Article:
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New Post 12/29/2011 5:59 AM
User is offline Tony Markos
493 posts
5th Level Poster


Re: Use Case Extension Points and Alternative Flow 

Kimbo:

Great questioning!  Consideration of the non-sequential nature of systems, especially at highe levels of abstraction, is critical to conducting proper business analysis - despite the fact that the BABOK 2.0 does not discuss such (except in discussing how it in itself was constructed.).

Flow of data has no relationship to flow of control.  For a simple example, look at a Context Diagram.   In order for the system (represented by the Context Diagram's single process circle) to be invoked, one or more  of the input data flows need to occur.  But, which ones they are typically varies depending upon circumstances.   There can (when you look deep into the systems processing logic) be circumstances where ANY SINGLE ONE of the potential input data flows invokes the system - but none of the other data flows occurs.  There can be circumstances where ALL of the input data flows need to occur before the system is invoked, and there can be circumstances where ANY COMBINATION of the potential  input data flows needs to occur before the system is invoked.

Where is flow of control (i.e, sequence) represented on a Context Diagram?  One  can not tell by looking at the Context Diagram.  

Now, a data flow diagram can be viewed as a number of interwined mini Context Diagrams, with data flows potentially between any single such mini Context Diagram and any or all other ones. And the same rules apply to invoking the DFD's individual processes as with the Context Diagram.   The lack of flow of control is  more evident here.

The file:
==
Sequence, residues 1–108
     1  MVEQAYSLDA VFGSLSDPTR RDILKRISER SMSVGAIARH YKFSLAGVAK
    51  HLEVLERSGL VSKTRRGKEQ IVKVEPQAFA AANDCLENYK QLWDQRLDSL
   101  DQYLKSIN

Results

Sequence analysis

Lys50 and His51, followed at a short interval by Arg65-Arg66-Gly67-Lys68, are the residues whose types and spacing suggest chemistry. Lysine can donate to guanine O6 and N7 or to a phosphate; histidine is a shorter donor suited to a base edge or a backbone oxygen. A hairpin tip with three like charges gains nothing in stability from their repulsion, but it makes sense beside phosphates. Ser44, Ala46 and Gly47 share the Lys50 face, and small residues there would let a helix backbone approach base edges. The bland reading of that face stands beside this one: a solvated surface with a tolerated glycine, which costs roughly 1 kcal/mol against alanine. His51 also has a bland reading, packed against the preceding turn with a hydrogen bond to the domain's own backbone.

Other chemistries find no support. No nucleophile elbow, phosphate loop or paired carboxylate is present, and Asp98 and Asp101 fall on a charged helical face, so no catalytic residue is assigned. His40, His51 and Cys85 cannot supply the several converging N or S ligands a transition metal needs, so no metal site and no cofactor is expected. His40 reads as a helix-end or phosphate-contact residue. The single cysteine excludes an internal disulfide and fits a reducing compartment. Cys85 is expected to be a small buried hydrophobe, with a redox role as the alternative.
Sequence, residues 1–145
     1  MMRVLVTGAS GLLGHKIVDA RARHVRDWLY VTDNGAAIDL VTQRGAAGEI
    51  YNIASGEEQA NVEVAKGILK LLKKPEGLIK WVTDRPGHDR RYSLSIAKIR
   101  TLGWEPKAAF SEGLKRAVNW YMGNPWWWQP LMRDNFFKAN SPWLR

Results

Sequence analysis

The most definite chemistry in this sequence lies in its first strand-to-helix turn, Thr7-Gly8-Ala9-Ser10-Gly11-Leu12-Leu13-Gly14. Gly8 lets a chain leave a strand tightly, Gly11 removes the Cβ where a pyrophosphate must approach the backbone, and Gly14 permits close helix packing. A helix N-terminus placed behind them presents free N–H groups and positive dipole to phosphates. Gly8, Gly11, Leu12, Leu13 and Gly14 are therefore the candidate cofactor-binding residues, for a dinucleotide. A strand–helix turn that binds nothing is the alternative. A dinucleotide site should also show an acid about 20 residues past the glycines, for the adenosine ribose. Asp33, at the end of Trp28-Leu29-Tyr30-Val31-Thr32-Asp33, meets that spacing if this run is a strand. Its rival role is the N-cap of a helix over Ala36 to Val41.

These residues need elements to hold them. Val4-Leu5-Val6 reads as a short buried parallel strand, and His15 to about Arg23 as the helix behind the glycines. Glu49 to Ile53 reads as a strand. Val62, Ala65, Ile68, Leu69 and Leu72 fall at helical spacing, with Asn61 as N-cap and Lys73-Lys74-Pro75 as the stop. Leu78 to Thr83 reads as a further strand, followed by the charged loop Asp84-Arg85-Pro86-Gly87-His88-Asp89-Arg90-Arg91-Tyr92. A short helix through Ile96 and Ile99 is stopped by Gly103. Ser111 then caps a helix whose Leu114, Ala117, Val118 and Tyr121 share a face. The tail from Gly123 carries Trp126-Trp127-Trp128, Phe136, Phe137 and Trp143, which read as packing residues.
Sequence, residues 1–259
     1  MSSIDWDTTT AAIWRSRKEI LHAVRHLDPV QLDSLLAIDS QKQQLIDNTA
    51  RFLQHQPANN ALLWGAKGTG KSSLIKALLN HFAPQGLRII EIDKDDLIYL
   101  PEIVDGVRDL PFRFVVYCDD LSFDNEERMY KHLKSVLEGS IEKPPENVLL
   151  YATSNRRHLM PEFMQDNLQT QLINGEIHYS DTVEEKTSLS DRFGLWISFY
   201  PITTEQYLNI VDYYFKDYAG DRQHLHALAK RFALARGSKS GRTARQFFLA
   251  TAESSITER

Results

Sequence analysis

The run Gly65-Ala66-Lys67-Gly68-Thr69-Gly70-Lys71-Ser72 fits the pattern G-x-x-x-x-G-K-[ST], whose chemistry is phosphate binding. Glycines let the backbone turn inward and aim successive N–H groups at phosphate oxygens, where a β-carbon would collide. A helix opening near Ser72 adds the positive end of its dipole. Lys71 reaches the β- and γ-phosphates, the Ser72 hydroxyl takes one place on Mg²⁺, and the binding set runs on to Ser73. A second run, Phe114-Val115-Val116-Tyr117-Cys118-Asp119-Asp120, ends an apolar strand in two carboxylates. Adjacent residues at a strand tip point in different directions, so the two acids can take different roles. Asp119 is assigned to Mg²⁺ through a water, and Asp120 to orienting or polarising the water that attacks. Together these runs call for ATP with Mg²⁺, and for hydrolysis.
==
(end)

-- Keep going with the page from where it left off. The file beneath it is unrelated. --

Does the above help?

Tony

 
New Post 12/30/2011 1:10 PM
User is offline Kimbo
450 posts
5th Level Poster


Re: Use Case Extension Points and Alternative Flow 

 Hi Tony,

Yes, I see what you mean now. Had forgotten that rule about DFDs.

Incidentally BPMN has a similar rule in that an activity commences when the first input into it fires. Using gates its possible to wait for one or two or five to finish before commencing the activity. Similar idea but not based on data flow as you say.... unless you use message flows instead of flow of control. But then that would be using BPMN to draw a DFD - told you it was flexible :-)

Kimbo

 
New Post 1/4/2012 5:10 AM
User is offline Tony Markos
493 posts
5th Level Poster


DFD's vs BPMN 

Kimbo:

Do you have a feel for how often BPMN users create DFD like diagrams (i.e., message flows instead of data flow plus no flow of control on these diagrams)?

Anyways, the main point - which seems to be some sort of dirty secret that is unmentionable, or too pie-in-the sky for everyone is:  DFD's are needed for the bigger picture, especially for complex systems, where the system's processes have no defined sequence, and then, at the lower level, sequence based diagrams to capture decision flow of control.

Tony

 

 
New Post 1/5/2012 2:11 AM
User is offline Kimbo
450 posts
5th Level Poster


Re: DFD's vs BPMN 

Tony,

Of course your question is rhetorical but I'll answer anyway. Probably never.

DFD's work, I used to use them - for much longer than I've been using UML. I prefer UML though. Expect we'll never agree on that point.

Good luck for 2012.

Kimbo

 
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